Library Performance Benchmarks with PC Specs

The development and testing of this toolkit have been completed on an 8-core AMD FX-8300 3.3GHz CPU along with a 3GB GeForce GTX 1060 GPU. With a single random agent, the street fighter environment can be run at 600%+ the normal gameplay speed. And For hogwild training with 8 random agents, the environment can be run at 300%+ the normal gameplay speed.

Simple ConvNet Agent

To ensure that the toolkit is able to train algorithms, a simple 5 layer ConvNet was setup with minimal tuning. The algorithm was able to successfully learn some simple mechanics of Street Fighter, such as combos and blocking. The Street Fighter gameplay works by having the player fight different opponents across 10 stages of increasing difficulty. Initially, the algorithm would reach stage 2 on average, but eventually could reach stage 5 on average after 2200 episodes of training. The learning rate was tracked using the net damage done vs damage taken of a single playthough for each episode.

MAME Changes

The library acts as a wrapper around a modified MAME implementation. The following changes were made:

  • Updated the lua console to allow for the retrieval of the format of frame data
  • Update the lua console to allow for the retrieval of the current frames data
  • Disabled game start warnings

The following files are affected:

  • src/emu/machine.cpp
  • src/emu/video.cpp
  • src/emu/video.h
  • src/frontend/mame/luaengine.cpp
  • src/frontend/mame/ui/ui.cpp
  • src/osd/sdl/window.cpp

The modified MAME implementation can be found at []

Compiling custom MAME

Unfortunately this library doesn't work with every single OS or CPU instruction set. This is because it uses a custom precompiled instance of MAME that is specific to the OS and CPU it was compiled on. However, if you are using a different linux distribution or instruction set, this does not mean you are out of options, it just means that your path to using this library is a little more complicated. Your only remaining option is to compile the custom instance of MAME yourself. To achieve this you just need a linux distribution with a GUI. Other operating systems will not work, as the library relies heavily on linux fifo pipes.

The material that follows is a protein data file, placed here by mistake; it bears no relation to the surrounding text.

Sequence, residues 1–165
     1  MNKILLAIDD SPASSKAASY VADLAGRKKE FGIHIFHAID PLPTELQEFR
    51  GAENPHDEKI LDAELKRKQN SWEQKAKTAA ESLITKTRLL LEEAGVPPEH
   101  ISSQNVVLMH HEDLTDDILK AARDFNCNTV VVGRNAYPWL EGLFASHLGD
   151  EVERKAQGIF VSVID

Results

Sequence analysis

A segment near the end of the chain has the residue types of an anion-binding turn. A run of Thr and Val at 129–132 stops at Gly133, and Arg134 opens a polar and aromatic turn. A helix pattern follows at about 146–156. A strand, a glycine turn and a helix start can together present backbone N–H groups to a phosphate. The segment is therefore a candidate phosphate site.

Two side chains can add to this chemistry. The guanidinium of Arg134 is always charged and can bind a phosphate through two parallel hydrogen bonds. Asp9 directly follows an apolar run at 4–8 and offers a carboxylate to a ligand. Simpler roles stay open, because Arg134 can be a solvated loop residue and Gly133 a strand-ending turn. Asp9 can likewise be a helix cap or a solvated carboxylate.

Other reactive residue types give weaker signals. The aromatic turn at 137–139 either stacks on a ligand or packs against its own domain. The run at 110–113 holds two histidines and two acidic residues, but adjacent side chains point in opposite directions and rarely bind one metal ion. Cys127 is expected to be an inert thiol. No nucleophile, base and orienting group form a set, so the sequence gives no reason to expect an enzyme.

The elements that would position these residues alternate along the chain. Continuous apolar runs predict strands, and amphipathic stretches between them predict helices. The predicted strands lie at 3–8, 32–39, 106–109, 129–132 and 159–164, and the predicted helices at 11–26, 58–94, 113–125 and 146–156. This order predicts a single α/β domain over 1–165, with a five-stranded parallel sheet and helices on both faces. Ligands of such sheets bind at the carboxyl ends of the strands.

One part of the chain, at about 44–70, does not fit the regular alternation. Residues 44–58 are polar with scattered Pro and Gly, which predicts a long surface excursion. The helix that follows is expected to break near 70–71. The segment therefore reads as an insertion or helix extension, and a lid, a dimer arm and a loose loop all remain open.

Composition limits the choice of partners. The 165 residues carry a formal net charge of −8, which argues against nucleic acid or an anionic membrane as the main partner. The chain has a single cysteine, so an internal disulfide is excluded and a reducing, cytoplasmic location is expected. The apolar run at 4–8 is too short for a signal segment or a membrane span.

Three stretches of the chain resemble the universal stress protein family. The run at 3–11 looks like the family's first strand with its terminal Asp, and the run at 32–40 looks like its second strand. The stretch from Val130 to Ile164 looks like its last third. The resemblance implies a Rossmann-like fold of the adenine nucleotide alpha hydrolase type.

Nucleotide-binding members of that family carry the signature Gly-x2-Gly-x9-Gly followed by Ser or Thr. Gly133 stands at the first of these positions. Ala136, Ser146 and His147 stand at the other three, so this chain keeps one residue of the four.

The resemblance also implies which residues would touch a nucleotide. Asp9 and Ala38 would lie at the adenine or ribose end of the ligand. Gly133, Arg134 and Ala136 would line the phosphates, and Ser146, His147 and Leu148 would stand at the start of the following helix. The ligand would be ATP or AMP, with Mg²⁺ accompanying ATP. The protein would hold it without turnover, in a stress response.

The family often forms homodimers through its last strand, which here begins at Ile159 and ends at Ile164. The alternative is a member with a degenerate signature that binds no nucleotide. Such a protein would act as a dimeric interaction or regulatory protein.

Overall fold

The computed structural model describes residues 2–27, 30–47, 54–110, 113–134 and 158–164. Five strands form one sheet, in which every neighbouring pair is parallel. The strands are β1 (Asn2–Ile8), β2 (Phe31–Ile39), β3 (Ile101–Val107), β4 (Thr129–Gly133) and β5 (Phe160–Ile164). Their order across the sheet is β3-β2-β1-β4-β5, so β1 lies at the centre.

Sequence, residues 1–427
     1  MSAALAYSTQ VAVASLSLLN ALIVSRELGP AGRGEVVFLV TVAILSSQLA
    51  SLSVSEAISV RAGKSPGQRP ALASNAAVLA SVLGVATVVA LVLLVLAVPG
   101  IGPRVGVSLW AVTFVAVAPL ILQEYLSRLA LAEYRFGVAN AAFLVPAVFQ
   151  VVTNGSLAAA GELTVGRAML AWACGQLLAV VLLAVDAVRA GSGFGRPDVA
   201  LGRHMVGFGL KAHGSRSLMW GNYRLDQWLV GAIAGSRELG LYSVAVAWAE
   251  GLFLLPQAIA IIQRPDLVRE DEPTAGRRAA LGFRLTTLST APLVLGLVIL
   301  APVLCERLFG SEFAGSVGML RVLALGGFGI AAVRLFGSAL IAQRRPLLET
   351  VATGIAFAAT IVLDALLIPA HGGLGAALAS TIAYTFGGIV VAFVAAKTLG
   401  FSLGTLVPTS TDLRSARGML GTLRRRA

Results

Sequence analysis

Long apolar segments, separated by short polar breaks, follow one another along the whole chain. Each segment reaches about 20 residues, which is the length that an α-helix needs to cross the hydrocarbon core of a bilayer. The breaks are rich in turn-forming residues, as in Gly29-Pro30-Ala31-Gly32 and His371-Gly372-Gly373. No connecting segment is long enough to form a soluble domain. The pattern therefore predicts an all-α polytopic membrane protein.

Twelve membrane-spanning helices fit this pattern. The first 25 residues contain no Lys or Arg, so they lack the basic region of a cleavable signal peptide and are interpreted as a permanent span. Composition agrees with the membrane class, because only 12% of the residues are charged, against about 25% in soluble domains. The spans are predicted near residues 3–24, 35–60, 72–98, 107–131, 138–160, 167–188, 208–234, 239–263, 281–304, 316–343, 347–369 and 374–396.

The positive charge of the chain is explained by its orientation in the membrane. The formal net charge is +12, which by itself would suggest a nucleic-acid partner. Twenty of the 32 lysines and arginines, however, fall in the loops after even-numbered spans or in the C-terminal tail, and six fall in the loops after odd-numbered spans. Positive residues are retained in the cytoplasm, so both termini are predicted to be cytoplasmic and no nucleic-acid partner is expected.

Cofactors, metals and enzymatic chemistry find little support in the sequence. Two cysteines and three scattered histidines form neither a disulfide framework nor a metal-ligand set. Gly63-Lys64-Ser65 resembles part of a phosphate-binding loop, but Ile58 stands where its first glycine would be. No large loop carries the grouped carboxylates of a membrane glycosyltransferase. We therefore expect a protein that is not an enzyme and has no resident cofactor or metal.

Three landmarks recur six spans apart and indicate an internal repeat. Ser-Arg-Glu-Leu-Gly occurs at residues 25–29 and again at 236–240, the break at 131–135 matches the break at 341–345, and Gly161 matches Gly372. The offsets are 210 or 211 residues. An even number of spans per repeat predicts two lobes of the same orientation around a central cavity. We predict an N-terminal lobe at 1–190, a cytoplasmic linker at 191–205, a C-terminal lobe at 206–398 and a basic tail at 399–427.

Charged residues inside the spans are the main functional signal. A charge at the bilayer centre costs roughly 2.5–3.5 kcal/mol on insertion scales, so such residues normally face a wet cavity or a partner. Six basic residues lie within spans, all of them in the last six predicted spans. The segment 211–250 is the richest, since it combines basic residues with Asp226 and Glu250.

Compilation steps

To compile your own custom instance of MAME run the following commands in your terminal:

git clone
cd mame
make SUBTARGET=arcade -j4

Adjust j to match the amount of virtual cores your CPU supports, as this could take several hours depending on your computer.

Once the compilation has completed you should have an executable file called mamearcade64, or something along those lines. Now you can either use the binary_path keyword argument on your emulator method calls to point at your custom binary, or you can rename said executable to mame and replace the precompiled MAME instance in your python MAMEToolkit directory with your new file. You should be able to find the MAMEToolkit directory by going to your python environment directory, and then going to site-packages.


This section describes what to do if your make command fails with some kind of error message describing an incorrect/missing library. As different linux distributions implement different libraries by default it is likely that you will not have the correct libraries installed by default. These libraries will also need to be specific to your CPU instruction set. Writing all the library installation commands for all linux distributions and instruction sets would be extremely difficult, however, I can outline the libraries that MAME requires. The list is as follows:

  • libdl
  • librt
  • libSDL2-2.0
  • libpthread
  • libutil
  • libGL
  • libasound
  • libQt5Widgets
  • libQt5Gui
  • libQt5Core
  • libX11
  • libSDL2_ttf-2.0
  • libfontconfig
  • libstdc++
  • libm
  • libgcc_s
  • libc

Your error message should indicate that at least one of these libraries is missing. To install said library you will need to look online and find out how to install/update the library for your relevant linux distribution and instruction set. Use the following as a google search template: "{linux distribution} {CPU instruction set} install {missing library}" Just replace the curly brackets with the information relevant to you. Hopefully you should be able to find the relevant install command on a forum. If the missing library isn't available for your distro/cpu then the MAMEToolkit will not work for you.

Once you have installed your library just run make again and it will continue where it left off, you will not lose your compilation progress.